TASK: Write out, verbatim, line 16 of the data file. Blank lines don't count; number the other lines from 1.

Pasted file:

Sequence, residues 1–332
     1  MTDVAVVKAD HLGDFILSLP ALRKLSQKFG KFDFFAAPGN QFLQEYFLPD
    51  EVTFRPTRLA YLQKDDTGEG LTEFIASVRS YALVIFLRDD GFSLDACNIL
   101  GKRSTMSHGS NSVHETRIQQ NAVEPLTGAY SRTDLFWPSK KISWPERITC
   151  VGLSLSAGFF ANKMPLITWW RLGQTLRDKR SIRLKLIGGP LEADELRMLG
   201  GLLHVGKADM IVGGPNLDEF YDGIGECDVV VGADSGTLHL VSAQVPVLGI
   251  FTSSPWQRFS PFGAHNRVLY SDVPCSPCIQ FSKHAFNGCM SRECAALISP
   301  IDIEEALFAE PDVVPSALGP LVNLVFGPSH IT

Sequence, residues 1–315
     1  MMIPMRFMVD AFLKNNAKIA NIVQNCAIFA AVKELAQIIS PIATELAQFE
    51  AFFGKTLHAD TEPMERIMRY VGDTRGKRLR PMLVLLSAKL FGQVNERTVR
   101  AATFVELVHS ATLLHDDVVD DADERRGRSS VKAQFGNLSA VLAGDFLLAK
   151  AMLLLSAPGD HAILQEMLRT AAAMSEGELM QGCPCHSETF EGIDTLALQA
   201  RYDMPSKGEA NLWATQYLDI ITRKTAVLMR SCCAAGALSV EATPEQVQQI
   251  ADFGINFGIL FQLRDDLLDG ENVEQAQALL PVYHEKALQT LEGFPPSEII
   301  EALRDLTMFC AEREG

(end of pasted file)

   301  EALRDLTMFC AEREG